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Tips to help you organise your wardrobe and save the earth this Chinese New Year

Whether you have resolved to declutter your wardrobe, it is always a good idea to start the beginning of the year with a fresh and organised wardrobe to get you kickstarted on a clean note. With Chinese New Year right around the corner, it may even be that extra motivation to do a spring cleaning of your closet. But if you are not sure how or where to get started, we have curated a step-by-step guide that will take you from A to Z on getting your wardrobe clean while still doing good for the earth.

Step 1: Take it all out

The first step is the easiest step and certainly not much of a huddle to get you started. Simply begin by taking everything out of your closet, empty your drawers and get your hangers off the rack. It might seem like you are creating a mess, but in fact emptying your wardrobe is very much a good check on the total amount of clothes you have. This is to help you realise and give you a sense of the magnitude of clothing items that you own, and certainly a reminder on your consumption habits. Once you have a good idea on the total number of clothes you own, it easily brings you to the next step of the cleanout.

Step 2: Set a goal

Once your clothes are all together in a giant pile, take note of the size of it and set goals to manage your wardrobe situation. If your wardrobe is bursting and your pile of clothes seems to be a huge mountain, think about the outcome you would want to achieve. It could be mixing and matching your outfits among key pieces in your collection that you frequently wear, or simply choosing to pass on any clothes that has not been worn for the past year or so.

A great tip that could get you started on your goals for your wardrobe is the “one item in, one item out” rule. For every new piece of clothing you introduce, you will need to get rid of another to prevent an overcrowded wardrobe. With a clear intention set in mind for your wardrobe, it will not only help you in the next step of the decluttering process, but it could be the anchor in your shopping habits whenever you are looking to add new pieces into your collection, encouraging you to think twice before carting out.

Step 3: Categorise and sort

Now comes the hardest part which is for you to tackle the pile of clothes that you have created and categorise them into a “throw” or “keep” pile. With every piece of clothing, you can decide by asking the great question of whether you have worn it in the past six months. If you catch yourself thinking you will wear it in the future but have not worn it a single time in the past six months, it may be time for you to let it go into the “throw” pile. In addition, any items that are damaged beyond repair, do consider throwing them out as well.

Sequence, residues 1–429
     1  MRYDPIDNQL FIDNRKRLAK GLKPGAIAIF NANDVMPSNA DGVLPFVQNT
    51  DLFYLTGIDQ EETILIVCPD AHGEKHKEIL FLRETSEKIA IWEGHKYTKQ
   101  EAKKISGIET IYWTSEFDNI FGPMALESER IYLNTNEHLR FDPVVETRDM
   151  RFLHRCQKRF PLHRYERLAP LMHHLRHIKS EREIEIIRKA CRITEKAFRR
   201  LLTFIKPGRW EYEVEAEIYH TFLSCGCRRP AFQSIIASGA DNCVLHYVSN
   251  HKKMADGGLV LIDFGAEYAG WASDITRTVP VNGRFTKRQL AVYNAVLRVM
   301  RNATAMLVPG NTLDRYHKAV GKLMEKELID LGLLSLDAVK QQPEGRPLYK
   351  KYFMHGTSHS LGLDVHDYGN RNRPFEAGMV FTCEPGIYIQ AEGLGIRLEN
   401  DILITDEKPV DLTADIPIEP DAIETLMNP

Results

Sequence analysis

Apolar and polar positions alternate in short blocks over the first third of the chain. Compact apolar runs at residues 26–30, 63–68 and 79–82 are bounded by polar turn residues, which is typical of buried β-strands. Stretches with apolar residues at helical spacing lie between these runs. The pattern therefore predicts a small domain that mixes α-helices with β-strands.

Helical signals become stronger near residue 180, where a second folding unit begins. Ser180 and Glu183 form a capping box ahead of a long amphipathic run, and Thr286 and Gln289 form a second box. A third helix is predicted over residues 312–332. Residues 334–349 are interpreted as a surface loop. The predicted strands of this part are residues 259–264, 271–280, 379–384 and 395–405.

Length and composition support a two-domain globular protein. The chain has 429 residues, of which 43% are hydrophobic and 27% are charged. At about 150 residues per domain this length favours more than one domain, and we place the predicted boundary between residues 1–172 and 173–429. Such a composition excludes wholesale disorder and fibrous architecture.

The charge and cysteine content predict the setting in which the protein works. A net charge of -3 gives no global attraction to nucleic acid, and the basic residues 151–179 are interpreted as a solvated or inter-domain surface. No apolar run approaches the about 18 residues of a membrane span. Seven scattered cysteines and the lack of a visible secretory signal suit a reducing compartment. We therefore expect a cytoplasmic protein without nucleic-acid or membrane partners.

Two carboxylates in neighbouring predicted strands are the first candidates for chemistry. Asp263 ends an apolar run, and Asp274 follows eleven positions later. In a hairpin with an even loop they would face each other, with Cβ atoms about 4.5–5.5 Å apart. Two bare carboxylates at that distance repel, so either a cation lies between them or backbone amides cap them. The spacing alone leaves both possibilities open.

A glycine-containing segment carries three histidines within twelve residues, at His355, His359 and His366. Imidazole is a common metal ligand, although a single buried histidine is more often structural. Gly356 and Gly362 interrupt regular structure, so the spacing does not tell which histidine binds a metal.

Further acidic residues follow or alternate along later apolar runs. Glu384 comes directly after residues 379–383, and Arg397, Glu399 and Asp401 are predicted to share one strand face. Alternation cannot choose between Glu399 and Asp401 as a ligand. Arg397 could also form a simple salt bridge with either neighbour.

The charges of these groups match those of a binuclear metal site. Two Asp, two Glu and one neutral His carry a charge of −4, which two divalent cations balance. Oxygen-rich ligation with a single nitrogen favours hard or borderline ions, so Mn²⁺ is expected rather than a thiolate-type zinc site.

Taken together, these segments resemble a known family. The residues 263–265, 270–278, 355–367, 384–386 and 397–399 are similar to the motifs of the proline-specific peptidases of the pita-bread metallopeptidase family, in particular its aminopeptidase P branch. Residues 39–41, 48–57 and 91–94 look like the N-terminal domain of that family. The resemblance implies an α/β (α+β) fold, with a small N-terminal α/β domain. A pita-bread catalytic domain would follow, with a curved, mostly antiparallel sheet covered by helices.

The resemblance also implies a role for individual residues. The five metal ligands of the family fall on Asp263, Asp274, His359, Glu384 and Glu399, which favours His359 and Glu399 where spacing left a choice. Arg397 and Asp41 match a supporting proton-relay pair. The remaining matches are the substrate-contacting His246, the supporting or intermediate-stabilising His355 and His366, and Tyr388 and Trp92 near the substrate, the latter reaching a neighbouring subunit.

With the items you have set your heart on keeping, evaluate the categories you can sort them under and have them arranged in order within your wardrobe. From t-shirts to undergarments, having categories will help allocate each item to a spot it owns.

Step 4: Rethinking the “throw pile”

You should have a much tidier and neater wardrobe at this junction with a “throw pile” set aside. With this pile of clothes, there are many ways to deal with it and they may not necessarily entail discarding them. In Singapore, according to figures from the National Environment Agency, 168,000 tonnes of textile waste were produced in 2019, of which only 4% was recycled [1] ! Should your clothes be in a mint condition with minimal damage, consider the following ways to repurpose them that will be of good for the environment.

Clothes does not just have to function as clothes. Upcycling them can inject new life into these garments and create something entirely new. You could turn an old t-shirt into a reusable bag or have your socks function as hand puppets that are fun to entertain your children!

Sell online or do a swap
While a piece of clothing may be of a style you have outgrown or it simply no longer fits, consider if it could be an item someone else would appreciate. Organise a clothes swap with your friends to experiment with different styles of clothing from each other’s closet or sell it on a local marketplace such as our ChangeMakers partner REFASH, a secondhand fashion marketplace that looks to connect women’s closets and reduce textile wastage in Singapore!

Clothes donation bins by various organisations across the island are great options as well. Most of these donation bins are tied to businesses with a cause or an organisation looking to do good for the community. By contributing your lightly worn clothing, your clothes are certainly given a new lease of life with it either being rehomed to an individual who enjoys it or used to raised funds for a good cause.

Organising your closet may seem a daunting task at first, especially with a bursting wardrobe of clothes. However, by repurposing the pieces that you no longer wear into new homes and evaluating your consumption habits, it serves to start your year on a sustainable note, breathing life back into your clothes and our planet!

As you clean up your wardrobe this Chinese New Year, don’t forget to clear out the old red packets that you may have accumulated as well. In partnership with CRUIUIGAREFASH and Tay Paper Recycling, Geneco is introducing used red packet recycling bins across 29 public locations from 10 February to 8 March. Collected red packets are recycled into paper pulp and repurposed into other paper products! For more information on the locations click here! Let’s all take this opportunity to Power The Change together for the planet!


  1. [1] NEA. (2019), Waste Statistics and Overall Recycling